Below, we provide additional detail on how this architecture supports the functionality described in the Features section above. In keeping with our philosophy and approach (see the Philosophy and Approach section), we have made extensive use of existing technology and services wherever feasible, including Node.js, React, Redux, PostgreSQL, Rancher, Docker, Auth0, RabbitMQ, and Amazon Web Services. However—again in keeping with the philosophy and approach—the highly modular architecture permits other developers to mix and match. Moreover, given the quickly changing world of web development, it is highly likely that the Pushkin development team will periodically replace some of these technologies as better alternatives emerge.
Pushkin makes use of several services for auto-scaling. Webpages, images, and videos are hosted in Amazon Web Service’s S3 and CloudFront services, which provide rapid, scalable delivery of static content worldwide (Amazon Web Services, 2018).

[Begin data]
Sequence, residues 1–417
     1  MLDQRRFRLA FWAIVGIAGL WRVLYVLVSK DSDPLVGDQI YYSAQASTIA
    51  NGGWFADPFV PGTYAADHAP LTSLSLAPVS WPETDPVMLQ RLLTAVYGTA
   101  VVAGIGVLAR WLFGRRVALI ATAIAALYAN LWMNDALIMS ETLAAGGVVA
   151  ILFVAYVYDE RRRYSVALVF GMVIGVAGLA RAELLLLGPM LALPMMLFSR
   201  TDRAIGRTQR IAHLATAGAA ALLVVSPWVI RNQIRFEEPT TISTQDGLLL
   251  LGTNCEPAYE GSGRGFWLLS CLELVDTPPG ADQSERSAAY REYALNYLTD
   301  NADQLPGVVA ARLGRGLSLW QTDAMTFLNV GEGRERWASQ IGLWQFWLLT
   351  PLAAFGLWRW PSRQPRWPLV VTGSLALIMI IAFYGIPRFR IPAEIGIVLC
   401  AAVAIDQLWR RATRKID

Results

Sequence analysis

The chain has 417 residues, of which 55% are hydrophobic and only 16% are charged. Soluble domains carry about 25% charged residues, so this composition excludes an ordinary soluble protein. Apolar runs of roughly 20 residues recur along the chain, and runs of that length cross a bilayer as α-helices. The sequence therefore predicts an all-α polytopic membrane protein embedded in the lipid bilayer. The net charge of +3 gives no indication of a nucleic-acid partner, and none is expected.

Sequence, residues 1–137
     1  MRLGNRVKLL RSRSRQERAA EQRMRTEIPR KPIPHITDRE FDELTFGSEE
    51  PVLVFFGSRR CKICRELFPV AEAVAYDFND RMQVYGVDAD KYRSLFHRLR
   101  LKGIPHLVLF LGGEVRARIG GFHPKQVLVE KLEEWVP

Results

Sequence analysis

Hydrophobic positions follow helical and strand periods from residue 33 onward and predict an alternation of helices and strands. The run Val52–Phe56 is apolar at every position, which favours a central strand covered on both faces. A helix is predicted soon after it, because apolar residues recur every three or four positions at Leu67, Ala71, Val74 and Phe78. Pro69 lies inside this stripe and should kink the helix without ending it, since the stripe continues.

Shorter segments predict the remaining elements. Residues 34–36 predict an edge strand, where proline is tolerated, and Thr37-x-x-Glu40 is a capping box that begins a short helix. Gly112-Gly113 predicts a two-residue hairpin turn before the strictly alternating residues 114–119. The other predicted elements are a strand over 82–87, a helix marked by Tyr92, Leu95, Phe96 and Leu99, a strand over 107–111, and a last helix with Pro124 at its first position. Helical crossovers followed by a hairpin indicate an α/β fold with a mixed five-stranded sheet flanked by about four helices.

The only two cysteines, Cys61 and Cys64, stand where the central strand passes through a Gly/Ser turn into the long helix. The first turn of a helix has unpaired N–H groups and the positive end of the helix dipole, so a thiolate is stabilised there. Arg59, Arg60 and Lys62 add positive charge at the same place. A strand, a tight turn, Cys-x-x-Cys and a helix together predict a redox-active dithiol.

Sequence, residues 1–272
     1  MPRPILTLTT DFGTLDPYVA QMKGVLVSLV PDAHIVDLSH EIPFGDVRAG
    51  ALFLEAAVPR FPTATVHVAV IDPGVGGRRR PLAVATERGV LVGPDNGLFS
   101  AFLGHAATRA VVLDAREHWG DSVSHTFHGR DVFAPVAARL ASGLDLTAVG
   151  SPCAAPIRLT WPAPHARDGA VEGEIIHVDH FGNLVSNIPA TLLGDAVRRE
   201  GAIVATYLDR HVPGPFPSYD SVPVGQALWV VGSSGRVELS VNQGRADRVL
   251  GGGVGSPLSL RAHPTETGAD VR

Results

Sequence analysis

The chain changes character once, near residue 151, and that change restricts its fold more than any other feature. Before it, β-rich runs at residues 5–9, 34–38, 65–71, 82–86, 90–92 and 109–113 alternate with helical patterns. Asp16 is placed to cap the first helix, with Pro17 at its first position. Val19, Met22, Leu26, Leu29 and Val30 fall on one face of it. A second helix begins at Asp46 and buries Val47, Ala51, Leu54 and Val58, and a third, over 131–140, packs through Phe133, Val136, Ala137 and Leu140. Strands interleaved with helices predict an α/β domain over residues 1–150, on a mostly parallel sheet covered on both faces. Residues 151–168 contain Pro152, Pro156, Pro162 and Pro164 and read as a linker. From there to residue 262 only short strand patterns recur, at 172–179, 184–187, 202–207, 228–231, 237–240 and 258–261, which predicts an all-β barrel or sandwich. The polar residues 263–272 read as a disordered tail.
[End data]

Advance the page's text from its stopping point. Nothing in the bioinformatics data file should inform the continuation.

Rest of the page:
Processes that require dynamic, server-side computation—such as processing database queries or running machine-assisted experimental design models—are hosted by the Amazon Web Services (AWS) Elastic Cloud Computing (EC2) platform (Amazon Web Services, 2018). An EC2 computer is called an “instance.” The same software can be replicated across multiple EC2 “instances,” with a load-balancer distributing web traffic to different instances. Thus, if there are three instances, different instances will handle the computations for different subjects. Auto-scaling is accomplished by monitoring usage and dynamically creating or destroying instances as needed. We use Datadog for monitoring usage (Datadog, 2016). For capacity to rapidly respond to demand, creating a new EC2 instance must happen quickly. Although installing Pushkin and its dependencies on a new EC2 instance is automated, it is slow. Thus, ready-to-use copies of the Pushkin software are kept in Docker images that can be rapidly deployed to new EC2 instances by Rancher, a service for managing Docker images.
For database services, we use AWS’s AuroraDB, which allows for both horizontal and vertical scaling.